>> Provides information

Your website needs to answer the questions of your potential customers. You need to tell them about you, your business and answer their questions about your products or services.

>> Builds trust

Your website is your way of letting customers know that you’re a real, trustworthy, human being that is going to deliver on what they’re sending you their hard-earned cash for. So how do you do that? Create a personal connection with your potential customers, give them a glimpse of ‘behind the scenes’ and show your personality so they know you’re a real live person.

>> Sets you up as the ‘expert’ 

Share your knowledge, experience and qualifications on your website so your potential customers see you are good at what you do. Use customer testimonials and case studies, only use your very best work for your portfolio, give away information in your blog and provide useful resources for your customers that compliment what you can do for them.

>> Introduces your customers to your ‘brand experience’ 

What do you want your customers to associate your brand with? What three words do you want your website visitors to use to describe their experience with your brand? Use your website to show people what to expect from working with or purchasing from you.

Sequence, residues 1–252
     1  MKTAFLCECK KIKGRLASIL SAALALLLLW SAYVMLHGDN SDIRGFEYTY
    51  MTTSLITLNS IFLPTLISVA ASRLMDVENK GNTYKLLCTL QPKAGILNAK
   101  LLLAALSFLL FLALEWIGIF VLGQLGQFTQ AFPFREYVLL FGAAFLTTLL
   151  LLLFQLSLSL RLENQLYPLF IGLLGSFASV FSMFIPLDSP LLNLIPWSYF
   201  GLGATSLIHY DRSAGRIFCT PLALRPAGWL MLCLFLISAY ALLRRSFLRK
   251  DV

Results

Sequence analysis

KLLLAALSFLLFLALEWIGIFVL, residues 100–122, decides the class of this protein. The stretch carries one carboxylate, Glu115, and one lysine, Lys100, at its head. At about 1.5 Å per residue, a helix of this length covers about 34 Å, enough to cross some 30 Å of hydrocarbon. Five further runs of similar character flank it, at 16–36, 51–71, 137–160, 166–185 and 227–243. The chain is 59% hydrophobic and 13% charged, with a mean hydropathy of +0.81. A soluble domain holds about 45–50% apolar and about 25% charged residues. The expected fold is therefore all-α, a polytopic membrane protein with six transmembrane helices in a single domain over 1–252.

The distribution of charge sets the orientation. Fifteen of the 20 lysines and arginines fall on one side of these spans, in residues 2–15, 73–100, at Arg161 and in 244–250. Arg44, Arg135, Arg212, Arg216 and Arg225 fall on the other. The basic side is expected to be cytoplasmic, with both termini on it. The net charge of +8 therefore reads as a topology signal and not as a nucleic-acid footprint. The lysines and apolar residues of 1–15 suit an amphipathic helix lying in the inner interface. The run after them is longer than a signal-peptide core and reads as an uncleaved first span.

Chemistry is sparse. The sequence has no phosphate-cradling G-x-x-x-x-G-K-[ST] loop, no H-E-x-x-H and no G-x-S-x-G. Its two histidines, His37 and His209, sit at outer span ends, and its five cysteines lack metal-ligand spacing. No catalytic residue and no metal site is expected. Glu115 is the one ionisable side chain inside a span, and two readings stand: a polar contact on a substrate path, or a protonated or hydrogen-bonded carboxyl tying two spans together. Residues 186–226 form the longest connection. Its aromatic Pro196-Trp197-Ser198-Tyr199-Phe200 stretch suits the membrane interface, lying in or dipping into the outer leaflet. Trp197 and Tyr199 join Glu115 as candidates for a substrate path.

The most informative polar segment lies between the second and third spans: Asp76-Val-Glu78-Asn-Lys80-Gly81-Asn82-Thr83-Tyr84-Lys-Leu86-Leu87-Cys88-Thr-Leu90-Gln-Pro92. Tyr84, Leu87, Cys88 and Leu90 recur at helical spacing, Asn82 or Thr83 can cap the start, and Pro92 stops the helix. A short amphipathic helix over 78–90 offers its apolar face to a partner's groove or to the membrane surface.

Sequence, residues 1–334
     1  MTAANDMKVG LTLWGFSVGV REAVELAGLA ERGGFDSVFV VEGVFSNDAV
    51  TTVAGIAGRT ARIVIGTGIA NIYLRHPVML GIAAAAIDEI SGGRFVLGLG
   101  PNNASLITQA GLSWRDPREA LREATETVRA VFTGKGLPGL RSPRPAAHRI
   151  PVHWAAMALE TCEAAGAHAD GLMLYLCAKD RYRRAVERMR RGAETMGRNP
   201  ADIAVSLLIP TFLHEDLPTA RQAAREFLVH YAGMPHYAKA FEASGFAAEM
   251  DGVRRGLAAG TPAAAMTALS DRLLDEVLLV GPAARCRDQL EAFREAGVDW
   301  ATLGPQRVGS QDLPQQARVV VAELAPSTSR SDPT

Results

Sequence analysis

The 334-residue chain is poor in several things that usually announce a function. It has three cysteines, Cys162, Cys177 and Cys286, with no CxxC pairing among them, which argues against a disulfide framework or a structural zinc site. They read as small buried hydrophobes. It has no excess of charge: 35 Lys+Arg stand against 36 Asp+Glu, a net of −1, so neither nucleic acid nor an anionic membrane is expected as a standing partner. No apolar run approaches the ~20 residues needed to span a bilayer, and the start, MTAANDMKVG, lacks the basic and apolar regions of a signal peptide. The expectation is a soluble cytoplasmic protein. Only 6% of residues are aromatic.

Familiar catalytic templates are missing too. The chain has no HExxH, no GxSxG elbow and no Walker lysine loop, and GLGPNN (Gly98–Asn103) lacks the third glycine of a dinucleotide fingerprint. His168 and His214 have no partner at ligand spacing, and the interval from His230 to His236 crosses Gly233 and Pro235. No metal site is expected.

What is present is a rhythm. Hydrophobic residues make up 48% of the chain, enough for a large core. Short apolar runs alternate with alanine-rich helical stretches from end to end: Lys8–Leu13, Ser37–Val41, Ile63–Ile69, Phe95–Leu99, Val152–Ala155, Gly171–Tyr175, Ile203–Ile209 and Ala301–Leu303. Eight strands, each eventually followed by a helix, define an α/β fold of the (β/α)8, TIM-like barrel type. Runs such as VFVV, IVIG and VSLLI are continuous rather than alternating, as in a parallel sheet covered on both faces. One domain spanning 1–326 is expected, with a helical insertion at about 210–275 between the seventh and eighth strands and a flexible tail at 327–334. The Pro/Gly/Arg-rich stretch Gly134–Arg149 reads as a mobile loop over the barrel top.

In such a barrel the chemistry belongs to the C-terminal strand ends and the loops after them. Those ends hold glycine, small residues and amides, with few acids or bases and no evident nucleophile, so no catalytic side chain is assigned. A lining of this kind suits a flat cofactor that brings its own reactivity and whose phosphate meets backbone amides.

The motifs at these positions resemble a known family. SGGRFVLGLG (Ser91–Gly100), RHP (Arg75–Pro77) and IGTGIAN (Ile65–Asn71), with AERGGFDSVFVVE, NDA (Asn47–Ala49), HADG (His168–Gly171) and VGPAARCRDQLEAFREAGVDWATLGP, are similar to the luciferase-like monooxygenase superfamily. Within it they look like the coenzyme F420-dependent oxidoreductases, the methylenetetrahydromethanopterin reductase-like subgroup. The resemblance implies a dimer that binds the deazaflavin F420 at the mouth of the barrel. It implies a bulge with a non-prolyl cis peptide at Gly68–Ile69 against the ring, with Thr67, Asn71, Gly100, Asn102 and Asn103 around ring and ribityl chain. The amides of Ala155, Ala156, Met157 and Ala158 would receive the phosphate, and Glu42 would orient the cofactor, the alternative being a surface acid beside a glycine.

The two essential elements of a successful website

There are lots of things your website needs - pages, information, calls to action, subscription forms, images… but all this comes from just two things you need to get right and your website won’t work with one and not the other

<< Beautiful site design >>

Your website needs to be attractive to look at. It doesn’t matter how awesome your content is, if it’s badly designed, it’s unlikely anyone will stick around long enough to find out. This may be unfair - but it’s the truth.

To find out more about designing an attractive website, make sure you’re here for Branding week, and sign up for The BadassBusinessMum’s Club weekly email to discover how to create a style guide for your website.

As well as looking attractive, it needs to be easy to read, easy to navigate and be well organised. The different ‘parts’ of your website need to link and work together seamlessly so your site visitors don’t run screaming for the hills when they can’t find what they’re looking for or can’t even tell what it is that you can do for them!